Power Rangers Kicks Marvel And DC’s Butt For Diversity

 

Power Rangers

Last night, I saw Power Rangers, the modern reboot of the Power Rangers franchise specifically using Mighty Morphin’ Power Rangers as a source.

First off, it’s great. It has flaws to be sure, but it’s a damn good superhero film that rejuvenates the franchise for a brand new audience. And it’s in fact a lot better than some other superhero movies.

Secondly, something that hit me about the film which was also completely incredible and amazing was the sheer diversity and inclusiveness in the film, that it manages to achieve effortlessly, and that far outstrips the vast majority of other superhero movies from much bigger companies and productions.

It had already broken before the films release that one of the Rangers was now queer. What is wonderful is it does it in a very natural way, as the character is still coming to terms with their sexuality and identity as a person, so they never specify or limit her queer identity as a result.

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Moreover, whilst the original show certainly made efforts towards diversity, perhaps more than some other shows at the time, this movie raises the bar on it and makes it less…on the nose. The black character is not the Black Power Ranger for example; and the film includes black, Asian and Latinx characters. In a group of five characters, that means two white characters to three people of colour. The characters also come from varying financial backgrounds and home lives, something we never really saw much in the original show.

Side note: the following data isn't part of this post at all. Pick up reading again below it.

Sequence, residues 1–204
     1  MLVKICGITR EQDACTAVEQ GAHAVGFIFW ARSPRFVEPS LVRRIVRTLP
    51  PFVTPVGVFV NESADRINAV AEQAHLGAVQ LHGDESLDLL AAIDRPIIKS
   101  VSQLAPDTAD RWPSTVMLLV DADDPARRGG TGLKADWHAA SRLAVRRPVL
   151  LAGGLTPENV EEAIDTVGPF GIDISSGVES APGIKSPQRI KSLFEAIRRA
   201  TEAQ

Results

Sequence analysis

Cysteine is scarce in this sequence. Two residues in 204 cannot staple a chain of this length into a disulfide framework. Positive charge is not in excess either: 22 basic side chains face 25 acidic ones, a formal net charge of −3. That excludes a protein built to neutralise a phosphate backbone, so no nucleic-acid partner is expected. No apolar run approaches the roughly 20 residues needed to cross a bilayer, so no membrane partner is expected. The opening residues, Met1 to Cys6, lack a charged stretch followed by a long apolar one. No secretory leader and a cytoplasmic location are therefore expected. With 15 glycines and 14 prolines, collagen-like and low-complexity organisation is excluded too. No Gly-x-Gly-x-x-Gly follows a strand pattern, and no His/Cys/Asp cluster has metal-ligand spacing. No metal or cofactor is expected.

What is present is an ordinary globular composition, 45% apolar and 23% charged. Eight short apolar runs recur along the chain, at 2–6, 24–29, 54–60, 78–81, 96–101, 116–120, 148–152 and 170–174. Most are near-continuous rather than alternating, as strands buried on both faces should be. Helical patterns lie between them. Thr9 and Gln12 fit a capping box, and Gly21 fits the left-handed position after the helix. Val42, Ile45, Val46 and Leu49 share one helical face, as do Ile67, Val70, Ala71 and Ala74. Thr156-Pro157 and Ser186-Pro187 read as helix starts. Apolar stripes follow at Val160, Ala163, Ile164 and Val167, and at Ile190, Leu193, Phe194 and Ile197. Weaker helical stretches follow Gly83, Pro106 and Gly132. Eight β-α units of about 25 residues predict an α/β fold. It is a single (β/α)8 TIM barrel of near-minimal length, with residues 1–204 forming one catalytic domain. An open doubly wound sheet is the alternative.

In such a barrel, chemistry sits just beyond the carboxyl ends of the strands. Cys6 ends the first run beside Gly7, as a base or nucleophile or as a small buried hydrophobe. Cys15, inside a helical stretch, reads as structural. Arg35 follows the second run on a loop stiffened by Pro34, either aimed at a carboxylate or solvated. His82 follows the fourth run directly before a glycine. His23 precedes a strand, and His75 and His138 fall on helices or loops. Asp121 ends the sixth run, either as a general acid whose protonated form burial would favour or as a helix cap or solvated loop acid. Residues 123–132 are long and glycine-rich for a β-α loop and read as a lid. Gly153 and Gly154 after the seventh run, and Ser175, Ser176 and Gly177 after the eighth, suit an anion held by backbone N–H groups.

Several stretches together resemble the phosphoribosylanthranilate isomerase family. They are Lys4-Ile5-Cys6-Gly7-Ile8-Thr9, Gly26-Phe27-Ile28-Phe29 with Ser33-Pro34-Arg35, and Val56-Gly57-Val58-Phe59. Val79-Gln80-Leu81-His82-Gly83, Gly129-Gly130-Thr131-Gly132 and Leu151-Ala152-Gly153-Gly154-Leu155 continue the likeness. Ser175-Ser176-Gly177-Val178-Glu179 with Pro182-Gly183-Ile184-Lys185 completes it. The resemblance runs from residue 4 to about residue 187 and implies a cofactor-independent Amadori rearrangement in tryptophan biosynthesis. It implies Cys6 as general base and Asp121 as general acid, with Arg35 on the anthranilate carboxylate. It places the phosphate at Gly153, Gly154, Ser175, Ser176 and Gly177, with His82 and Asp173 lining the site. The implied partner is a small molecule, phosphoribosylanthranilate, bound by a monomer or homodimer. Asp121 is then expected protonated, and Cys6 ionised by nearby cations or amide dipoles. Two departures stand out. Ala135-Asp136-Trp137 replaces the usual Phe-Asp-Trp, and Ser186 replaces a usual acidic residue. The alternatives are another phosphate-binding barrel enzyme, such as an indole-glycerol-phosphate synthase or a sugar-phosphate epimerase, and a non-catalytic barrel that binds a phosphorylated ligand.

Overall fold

It also passes the Bechdel Test, as the two female characters. Kim and Trini, form a friendship through the film, never talk about men or their relationships with men.

And perhaps the big one, the film includes a character who is on the Autism spectrum. It handles this character sensitively and very well, and in fact makes him a crucial character for the film.

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Finally, the teens themselves have real issues with depth, instead of the usual shallow teen issues of will that boy like me, or some such. No these characters struggle with a father-son relationship suffering a communication breakdown; an identity issue and inability to fit into the image their neurotic, overbearing mother wants of the family; a child caring for a sick parent, to name just a few.

What’s awesome, is Power Rangers includes all of this in one film, which also juggles the origins of the Power Rangers, setting up their world and threat and all the other necessities for a movie. The first in it’s series.

It’s at this point that I’d like to point out that certain other superhero movie making studios haven’t reached anywhere near that level of inclusiveness, even after ten years. In fact, one such company has yet to have it’s first female led film.

One film. Multi-level diversity handled with care and respect. And it works for the film too. Just sayin’. Because diversity and representation matters and it’s about time those other studios upped their game.

About Joe Glass

Joe Glass has been contributing to Bleeding Cool for about four years. He's been a roaming reporter at shows like SDCC and NYCC, and also has a keen LGBTQ focus, with his occasional LGBTQ focus articles, Tales from the Four Color Closet. He is also now Bleeding Cool's Senior Mutant Correspondent thanks to his obsession with Marvel's merry mutants.

Joe is also a comics creator, writer of LGBTQ superhero team series, The Pride, the first issue of which was one of the Top 25 ComiXology Submit Titles of 2014. He is also a co-writer on Stiffs, a horror comedy series set in South Wales about call centre workers who hunt the undead by night. One happens to be a monkey. Just because.